There’s been a lot of buzz around Customer Data Platforms (or CDPs) lately. Everyone and their mother is trying to sell you on buying their SaaS to build a “single view of the customer”.

If you’re not familiar with Customer Data Platforms, the Wikipedia article offers a good explanation (https://en.wikipedia.org/wiki/Customer_data_platform)

A customer data platform (CDP) is a collection of software which creates a persistent, unified customer database that is accessible to other systems. Data is pulled from multiple sources, cleaned and combined to create a single customer profile. This structured data is then made available to other marketing systems.

Sounds useful, right? It does! If you’ve ever had to deal with customer data at a company, regardless of size or your business department (sales, marketing, support, engineering, analytics, etc.), the value proposition of a CDP is clear. Building and operationalizing a single view of the customer is hard. In fact, it’s only been getting harder.

As a (former) early employee at Segment and more broadly, someone has been twiddling the lines of marketing and data communities for over half a decade, I find CDPs intriguing. In the marketing community, an all-in-one platform to solve our countless data problems sounds like the holy grail. In the data community, we’ve been trying to do this all along using the data warehouse. Yet, most people don’t make the connection between the two.

In this post, I’ll make my case for why your CDP should not be an off-the-shelf vendor but instead, the technology your data team has been investing in all along— the data warehouse. Before that, it’s only fair to our fellow CDP vendors to provide a bit of context on the market and players. If you’re already familiar with the CDP space and are ready to hear our argument, feel free to skip ahead to the pros/cons.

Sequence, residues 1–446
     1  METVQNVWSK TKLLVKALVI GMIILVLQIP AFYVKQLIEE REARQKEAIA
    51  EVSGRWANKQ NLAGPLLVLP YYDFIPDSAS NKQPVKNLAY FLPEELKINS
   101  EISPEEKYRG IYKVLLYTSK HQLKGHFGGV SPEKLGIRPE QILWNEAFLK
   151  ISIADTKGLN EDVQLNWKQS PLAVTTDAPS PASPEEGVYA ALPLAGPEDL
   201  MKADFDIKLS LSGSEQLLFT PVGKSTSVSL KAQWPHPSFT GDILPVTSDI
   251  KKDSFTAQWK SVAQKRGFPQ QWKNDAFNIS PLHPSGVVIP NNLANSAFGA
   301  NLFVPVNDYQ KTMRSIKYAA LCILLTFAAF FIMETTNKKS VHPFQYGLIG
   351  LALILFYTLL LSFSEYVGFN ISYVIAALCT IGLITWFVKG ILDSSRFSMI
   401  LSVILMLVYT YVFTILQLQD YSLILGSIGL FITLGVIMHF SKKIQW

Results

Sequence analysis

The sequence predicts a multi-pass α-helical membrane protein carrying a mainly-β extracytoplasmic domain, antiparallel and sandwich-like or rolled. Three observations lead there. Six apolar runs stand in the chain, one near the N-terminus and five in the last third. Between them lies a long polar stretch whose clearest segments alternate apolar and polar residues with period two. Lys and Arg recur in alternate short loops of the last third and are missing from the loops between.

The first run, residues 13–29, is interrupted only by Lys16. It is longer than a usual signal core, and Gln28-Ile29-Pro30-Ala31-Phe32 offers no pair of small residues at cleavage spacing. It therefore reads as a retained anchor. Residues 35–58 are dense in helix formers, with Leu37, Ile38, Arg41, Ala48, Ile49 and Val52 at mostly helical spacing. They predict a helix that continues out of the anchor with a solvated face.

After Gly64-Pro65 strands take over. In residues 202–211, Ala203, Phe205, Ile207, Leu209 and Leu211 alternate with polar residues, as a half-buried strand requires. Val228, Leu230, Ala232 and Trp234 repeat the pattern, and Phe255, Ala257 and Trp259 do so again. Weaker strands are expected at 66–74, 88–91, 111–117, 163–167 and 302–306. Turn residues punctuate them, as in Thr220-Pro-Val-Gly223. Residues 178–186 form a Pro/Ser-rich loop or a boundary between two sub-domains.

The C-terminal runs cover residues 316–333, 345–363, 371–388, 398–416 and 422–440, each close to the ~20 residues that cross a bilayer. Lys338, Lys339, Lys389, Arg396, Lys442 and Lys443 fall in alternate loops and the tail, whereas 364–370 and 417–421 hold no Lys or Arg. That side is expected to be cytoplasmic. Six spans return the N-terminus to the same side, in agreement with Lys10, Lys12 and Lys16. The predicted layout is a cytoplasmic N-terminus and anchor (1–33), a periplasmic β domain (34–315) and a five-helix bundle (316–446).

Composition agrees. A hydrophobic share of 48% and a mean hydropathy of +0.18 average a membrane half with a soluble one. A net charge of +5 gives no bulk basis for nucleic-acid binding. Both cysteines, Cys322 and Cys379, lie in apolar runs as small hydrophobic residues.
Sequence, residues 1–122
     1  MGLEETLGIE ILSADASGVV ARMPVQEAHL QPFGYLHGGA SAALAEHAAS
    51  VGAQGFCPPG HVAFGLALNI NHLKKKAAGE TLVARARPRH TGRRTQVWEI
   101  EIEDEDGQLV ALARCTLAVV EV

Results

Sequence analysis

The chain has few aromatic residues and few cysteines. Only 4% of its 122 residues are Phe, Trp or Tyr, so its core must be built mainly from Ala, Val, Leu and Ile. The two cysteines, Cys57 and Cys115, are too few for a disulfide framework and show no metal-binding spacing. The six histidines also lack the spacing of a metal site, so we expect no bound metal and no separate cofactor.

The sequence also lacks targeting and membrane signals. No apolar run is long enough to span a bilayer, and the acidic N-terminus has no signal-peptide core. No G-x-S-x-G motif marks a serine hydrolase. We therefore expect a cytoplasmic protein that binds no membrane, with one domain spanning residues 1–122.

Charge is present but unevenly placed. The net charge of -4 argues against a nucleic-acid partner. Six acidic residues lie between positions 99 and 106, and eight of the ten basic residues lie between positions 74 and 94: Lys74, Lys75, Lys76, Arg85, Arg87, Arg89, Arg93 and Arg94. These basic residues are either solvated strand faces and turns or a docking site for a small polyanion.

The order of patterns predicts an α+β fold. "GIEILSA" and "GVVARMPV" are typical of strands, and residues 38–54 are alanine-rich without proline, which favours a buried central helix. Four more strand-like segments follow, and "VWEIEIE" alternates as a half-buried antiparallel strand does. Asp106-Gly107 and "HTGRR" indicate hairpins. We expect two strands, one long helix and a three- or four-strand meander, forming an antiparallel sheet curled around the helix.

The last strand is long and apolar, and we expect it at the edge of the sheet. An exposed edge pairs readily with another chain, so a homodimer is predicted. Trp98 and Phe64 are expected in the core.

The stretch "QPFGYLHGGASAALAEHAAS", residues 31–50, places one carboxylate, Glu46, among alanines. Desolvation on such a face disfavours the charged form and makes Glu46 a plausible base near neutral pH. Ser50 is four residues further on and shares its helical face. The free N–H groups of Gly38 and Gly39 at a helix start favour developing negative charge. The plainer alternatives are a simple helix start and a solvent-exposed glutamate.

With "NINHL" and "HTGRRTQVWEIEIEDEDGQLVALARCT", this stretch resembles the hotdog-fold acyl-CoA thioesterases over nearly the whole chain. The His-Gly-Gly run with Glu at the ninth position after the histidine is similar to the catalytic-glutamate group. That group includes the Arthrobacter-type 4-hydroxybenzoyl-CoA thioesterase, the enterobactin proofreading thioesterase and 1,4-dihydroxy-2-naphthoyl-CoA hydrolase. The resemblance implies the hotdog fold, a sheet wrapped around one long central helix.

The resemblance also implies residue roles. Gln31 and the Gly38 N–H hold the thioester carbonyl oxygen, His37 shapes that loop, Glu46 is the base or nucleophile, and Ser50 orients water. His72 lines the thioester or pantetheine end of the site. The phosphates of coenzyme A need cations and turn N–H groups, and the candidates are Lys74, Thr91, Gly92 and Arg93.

What is a Customer Data Platform?

First off, CDPs aren’t just some new kids on the block. They should be taken very seriously. As seen below, the industry and term has been consistently growing over the last 5 years.

https://explodingtopics.com/topic/customer-data-platform


Buyer demand follows this trend, too. The overall combined revenue of players in the CDP industry is north of $2 billion as of 2019. [0]

Types of Customer Data Platforms

The CDP players can be broken down into a few major categories

General purpose Customer Data Platforms

The leading players here today are Segment, mParticle, and Treasure Data. Next up, there’s a number of runner-ups “doing solid business” like Simon Data, Lytics, Blueshift, and Redpoint Global.

Vertical Customer Data Platforms

These are CDPs that target a very specific type of company (industry, size, maturity, SaaS tools in place, etc.) and solve specific problems.

Conglomerate Customer Data Platforms

These are big companies like Adobe, Salesforce, and Microsoft that have started calling their existing CRMs or “marketing clouds” CDPs.

Confusing Customer Data Platforms

And last but not least, confusing CDPs. These are companies that don’t look like the rest of the CDPs but read a Gartner report about how the CDP industry is exploding and lucrative… and just had to give it a shot.


https://www.intercom.com/customer-intelligence


Intercom? Really? Yes, even the customer communications (live chat) platform tries their hand at “CDP” from time to time.


https://www.cdpinstitute.org/


The image above shows sponsors of CDP Institute, leading CDP research firm. Almost every one of them considers themselves a “Customer Data Platform” in one way or another. There’s too many CDP vendors to count these days. This makes the space rather difficult to maneuver as a newcomer.